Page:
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Resistors and?

Discussion in 'General Electronics Chat' started by Electronman, Apr 3, 2009.

  1. Roff

    Roff Well-Known Member

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    Are you sure your bridge is connected like that? If it is, D6 is toast.
     
  2. audioguru

    audioguru Well-Known Member Most Helpful Member

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    You have two of the rectifier diodes connected wrong:
     

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  3. Electronman

    Electronman New Member

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    Sorry I mis drew it.
    I showed the bridged by 4 diodes In relaity I have used a pole diode (those that 4 diodes are in a pack).]

    Ron,
    I noticed that when I reduce the R11 which is a 500K t to near 5k and even lower till zero, I do not have that hum problem nearly at all?!
    The R10 is 6.8K resistor and the C2 is 2.2uf cap.
     
  4. dave

    Dave New Member

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  5. audioguru

    audioguru Well-Known Member Most Helpful Member

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    The gain of the opamp is 1+ (R11/R10) so all you did was turn the gain way down.

    The input must connect to the microphone with shielded audio cable to prevent mains hum pickup. The opamp circuit must be wired compactly and maybe in a metal box connected to 0V. It will probably pickup hum if the circuit is made on a breadboard.
     
  6. Electronman

    Electronman New Member

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    yea when I reduce the gain the hum is reduced till I put the R11 to zero and at this situstion I do not have any hum.

    audioguru,
    I do not have a such problem when use a comersial regulated power suooly, the problem araises hen I connect the circuit to a common regulated transformer.
    I have the circuit on a PCB but I have the problem yet.
    I am suspect if when I increase the opamp's gain it pick up any hum through the transformer? if so, how to solve that? I have used a 7815 so it seems it is not able o solve my problem!
     
  7. audioguru

    audioguru Well-Known Member Most Helpful Member

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    A 7815 regulator has excellent hum rejection when its 0V trace is thick and correct.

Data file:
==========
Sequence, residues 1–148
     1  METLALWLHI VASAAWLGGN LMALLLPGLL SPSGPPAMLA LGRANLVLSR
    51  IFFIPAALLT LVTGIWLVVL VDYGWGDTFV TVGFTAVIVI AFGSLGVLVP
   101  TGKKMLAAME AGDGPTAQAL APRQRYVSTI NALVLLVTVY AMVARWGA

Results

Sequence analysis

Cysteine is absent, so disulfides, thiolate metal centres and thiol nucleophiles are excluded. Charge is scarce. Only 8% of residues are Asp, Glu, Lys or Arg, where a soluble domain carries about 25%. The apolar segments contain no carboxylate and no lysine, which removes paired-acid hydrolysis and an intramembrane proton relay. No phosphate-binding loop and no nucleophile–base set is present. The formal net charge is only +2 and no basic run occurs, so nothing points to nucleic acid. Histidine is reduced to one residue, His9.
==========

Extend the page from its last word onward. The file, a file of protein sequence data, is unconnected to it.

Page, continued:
8. Roff

    Roff Well-Known Member

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    Having a bridge rectifier in a package does not prevent one from connecting it incorrectly. If it is connected the way you drew it, you will have a half wave rectifier (and possibly a burned out diode), which could be the source of your hum.
    Is the transformer rated at 18V RMS?
    Are you able to measure the DC voltage at the input to the regulator?
    Do you have an oscilloscope?
    If so, observe the input and the output of the regulator, and tell us, or post a picture, of what you see.
     
  9. Electronman

    Electronman New Member

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    No, I am SURE that I have put the bridge rectifier correctely. It ha signs that show th pins for AC input and signs that show th positive, negative output.
    I will measure the rates and try it with a 24V transformer too.

    I am wondering why maybe the hums due to the sensivity of the opamps at high gain rates? Why no one tels of it exist or not.
     
  10. Electronman

    Electronman New Member

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    I tried a 24V transformer, now the hum is reduced but not removed completely, but I have a bit of it.

    The 2200uF cap at the input of the 7815 gets hot, the rectifier package gets hot too. Is this natural?
    Now the circuit draws more than 1A at some situations. I fear to lose my 7815? The 7815 gets too hot too while it has a 40mm x 20mm radiator. Now after 15minuts of working the circuit turns of by itself. I think the reason is due to the regulator. What’s the solution? Is a higher radiator helpful while the circuit draws more than 1100mA at some situations?
     
  11. Electronman

    Electronman New Member

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    Somewhere I read that it is necessary to put the C2 (see the bellow pic) which is a 0.1uf at the input of the regulator to prevent oscillation and help the regulator chip to not get so hot.
    I am wondering while the capacitance of C2 and C1 (which is 2200uF for my circuit) is added (they are in parallel) how it does help to prevent oscillations?

    Can I use another 8718 or maybe 7820 before my regulator chip to feed it just with 18V to 20V rather than 24v to prevent overheating?
    Can I achieve more than 1A at this situation?
     

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    Last edited: May 10, 2009
  12. Electronman

    Electronman New Member

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    Besides is there any simple regulator like 78xx to give more than 2A at its output? If so please let me know the part number.
     
  13. Roff

    Roff Well-Known Member

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    What circuit are you powering with the regulator other than the modulator, and possibly a preamp? Are you also powering the power amplifier?
     
  14. Electronman

    Electronman New Member

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    yea I have a power amplifier connected to the output of the modulator.
     

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